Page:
As with the goals, the Sabres also have several players with an assist per game average thus far. Erik Karlsson might leave something to be desired in his own end from time to time, but the guy is an absolute treat to watch pass the puck. In a division where there are quite a few good puck moving defensemen, Karlsson's ice vision is unparalleled.
Face-off % - David Steckel 65.4%
Hits - Chris Neil 20 hits
Blocked Shots - Dennis Seidenberg 15 blocked shots
Shots - Thomas Vanek 20 shots
+/- Rating - Dion Phaneuf +8
Penalty Minutes - Chris Neil 29 PIM
Goaltenders: (minimum 2 starts)
Tim Thomas 4gp 1.98gaa .932%
Ryan Miller 3gp 2.35gaa .928%
James Reimer 4gp 2.49gaa .917% 1SO
Carey Price 4gp 2.96gaa .880%
Craig Anderson 4gp 5.07gaa .853%
The Northeast divison boasts some of the best goaltending in the league. Tim Thomas and Ryan Miller are already putting up spectacular numbers, while James Reimer continues to impress in Toronto. If Reimer can hold his own in this divison, Toronto becomes a definite playoff contender. Carey Price is off to a slow start, but as the frequency of games increases I expect him to get into a groove and get back to last season's form. Obviously Ottawa is in a rebuilding mode, and with a young team the defense and goaltending usually suffers, but Craig Anderson needs to be better than a 5.07gaa and an .853% save percentage. Those kind of numbers are unacceptable even on a young team playing for a lottery pick.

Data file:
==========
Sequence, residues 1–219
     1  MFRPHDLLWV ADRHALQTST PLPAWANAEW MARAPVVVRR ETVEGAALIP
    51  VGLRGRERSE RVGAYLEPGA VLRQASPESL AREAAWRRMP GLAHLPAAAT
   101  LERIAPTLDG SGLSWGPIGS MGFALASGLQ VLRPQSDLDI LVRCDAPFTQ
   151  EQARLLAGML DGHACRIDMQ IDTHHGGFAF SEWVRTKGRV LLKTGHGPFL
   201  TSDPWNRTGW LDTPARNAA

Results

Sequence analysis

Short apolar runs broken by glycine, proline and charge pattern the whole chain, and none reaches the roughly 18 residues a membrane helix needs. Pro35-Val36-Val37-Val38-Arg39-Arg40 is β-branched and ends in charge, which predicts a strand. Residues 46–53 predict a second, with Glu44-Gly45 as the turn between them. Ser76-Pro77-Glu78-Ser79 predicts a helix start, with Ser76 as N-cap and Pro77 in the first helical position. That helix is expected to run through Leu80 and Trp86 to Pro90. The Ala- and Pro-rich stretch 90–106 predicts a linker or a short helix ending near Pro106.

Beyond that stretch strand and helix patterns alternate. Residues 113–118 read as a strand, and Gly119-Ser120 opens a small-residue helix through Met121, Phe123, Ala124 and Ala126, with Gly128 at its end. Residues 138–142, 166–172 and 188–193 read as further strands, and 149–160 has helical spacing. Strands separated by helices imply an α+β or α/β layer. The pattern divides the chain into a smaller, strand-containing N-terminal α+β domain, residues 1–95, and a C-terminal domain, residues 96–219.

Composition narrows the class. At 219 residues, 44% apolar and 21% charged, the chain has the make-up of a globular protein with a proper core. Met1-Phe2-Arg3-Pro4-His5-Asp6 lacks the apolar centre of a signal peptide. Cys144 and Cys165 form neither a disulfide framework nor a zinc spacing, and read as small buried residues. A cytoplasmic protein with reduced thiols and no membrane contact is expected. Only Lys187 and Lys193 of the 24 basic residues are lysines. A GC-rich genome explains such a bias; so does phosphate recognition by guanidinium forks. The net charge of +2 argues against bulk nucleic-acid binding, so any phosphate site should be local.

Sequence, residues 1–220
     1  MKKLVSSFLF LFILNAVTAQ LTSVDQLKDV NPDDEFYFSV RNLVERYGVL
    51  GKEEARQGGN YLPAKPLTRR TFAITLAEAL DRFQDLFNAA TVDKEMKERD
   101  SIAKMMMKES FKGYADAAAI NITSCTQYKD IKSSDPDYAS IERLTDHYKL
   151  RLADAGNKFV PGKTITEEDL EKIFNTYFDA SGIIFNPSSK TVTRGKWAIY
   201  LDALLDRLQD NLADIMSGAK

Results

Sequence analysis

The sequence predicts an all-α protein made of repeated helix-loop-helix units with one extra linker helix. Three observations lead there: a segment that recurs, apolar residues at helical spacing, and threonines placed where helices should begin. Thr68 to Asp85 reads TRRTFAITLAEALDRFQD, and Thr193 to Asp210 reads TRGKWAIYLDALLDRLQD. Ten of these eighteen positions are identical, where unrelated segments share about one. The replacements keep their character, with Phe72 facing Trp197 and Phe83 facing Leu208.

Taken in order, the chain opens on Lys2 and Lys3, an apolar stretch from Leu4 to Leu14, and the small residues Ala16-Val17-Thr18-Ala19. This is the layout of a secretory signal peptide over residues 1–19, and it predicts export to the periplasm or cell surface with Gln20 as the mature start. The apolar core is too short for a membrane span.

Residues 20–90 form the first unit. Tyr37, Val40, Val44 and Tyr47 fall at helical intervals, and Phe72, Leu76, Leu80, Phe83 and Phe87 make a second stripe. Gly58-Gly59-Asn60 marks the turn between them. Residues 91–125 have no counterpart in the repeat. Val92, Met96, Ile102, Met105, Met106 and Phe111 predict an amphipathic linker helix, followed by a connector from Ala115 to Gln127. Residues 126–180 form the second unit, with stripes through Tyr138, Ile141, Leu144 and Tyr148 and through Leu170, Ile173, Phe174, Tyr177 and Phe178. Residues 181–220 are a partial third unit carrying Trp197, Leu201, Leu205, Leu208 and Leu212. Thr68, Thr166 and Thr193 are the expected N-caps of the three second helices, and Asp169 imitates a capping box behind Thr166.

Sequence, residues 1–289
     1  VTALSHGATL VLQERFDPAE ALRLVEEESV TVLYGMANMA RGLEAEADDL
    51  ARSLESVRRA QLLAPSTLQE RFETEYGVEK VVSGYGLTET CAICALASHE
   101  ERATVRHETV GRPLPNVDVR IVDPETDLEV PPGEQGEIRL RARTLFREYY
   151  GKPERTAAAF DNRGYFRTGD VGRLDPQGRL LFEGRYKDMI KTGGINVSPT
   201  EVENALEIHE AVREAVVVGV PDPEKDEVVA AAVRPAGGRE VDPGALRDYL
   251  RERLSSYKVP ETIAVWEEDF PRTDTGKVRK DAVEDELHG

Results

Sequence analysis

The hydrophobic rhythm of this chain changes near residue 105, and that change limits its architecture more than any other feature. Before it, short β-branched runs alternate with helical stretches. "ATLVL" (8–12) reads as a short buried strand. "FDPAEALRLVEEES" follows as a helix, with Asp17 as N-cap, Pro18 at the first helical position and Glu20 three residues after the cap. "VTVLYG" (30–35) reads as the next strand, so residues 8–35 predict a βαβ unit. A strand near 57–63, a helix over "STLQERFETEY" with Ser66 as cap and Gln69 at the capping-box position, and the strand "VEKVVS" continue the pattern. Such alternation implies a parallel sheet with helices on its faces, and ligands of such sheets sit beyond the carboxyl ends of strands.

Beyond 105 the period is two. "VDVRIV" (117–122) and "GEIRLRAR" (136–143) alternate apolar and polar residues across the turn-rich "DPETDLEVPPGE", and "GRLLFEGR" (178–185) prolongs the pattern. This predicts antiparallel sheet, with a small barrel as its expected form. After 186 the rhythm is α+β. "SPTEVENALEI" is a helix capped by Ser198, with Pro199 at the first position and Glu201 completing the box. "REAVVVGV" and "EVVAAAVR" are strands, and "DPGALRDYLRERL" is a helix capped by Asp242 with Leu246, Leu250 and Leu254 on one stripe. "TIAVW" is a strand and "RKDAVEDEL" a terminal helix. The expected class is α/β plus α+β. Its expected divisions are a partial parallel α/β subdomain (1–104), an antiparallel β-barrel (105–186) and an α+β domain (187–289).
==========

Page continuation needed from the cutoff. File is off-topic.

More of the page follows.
Obviously I would have to live in a cave to not be aware of and impressed by the Maple Leaf's hot start. I can't fault them for not winning road games as they haven't played any, and I can't take a jab at the soft schedule because they are 2-0 against NE divisional opponents. Kudos the Toronto so far, it's a long season, and there's plenty of room for improvement (power-play) but it's a great start for the blue and white. Boston is going to be fine, they just need to find their offense, maybe it's a cup hangover, or maybe it's the long stretches of days off between games. Either way, once they get Lucic rolling they'll be right back in contention. Buffalo has been a bit of a Jekyl/Hyde team so far, looking dominant for stretches and clueless in others. If they can avoid the mistake prone shifts (like 2 short-handed goals against vs CAR) they'll be fighting for the division lead all year long. Montreal is becoming Carey Price's team, as he goes, so they go. While the defense and goaltending have struggled a bit, so have the Habs. Once they tighten things up and Carey Price returns to form the wins will come. Ottawa needs to establish more of a forecheck and keep the play out of their own end to give Anderson a bit of a reprieve. If they can chip in a few more goals at even strength, and improve their penalty kill, then they can reap the rewards of their deadly power-play.
Four games into the season do I stand by my preseason picks of Toronto and Montreal missing the post-season. Hell yeah I do, Toronto will come back to earth and Montreal will struggle with consistency. Remember, I also picked Boston to win that division and I still am. Four games aren't enough of a measuring stick for me to deviate from my selections. I'll revisit this column in a few weeks and we'll see then.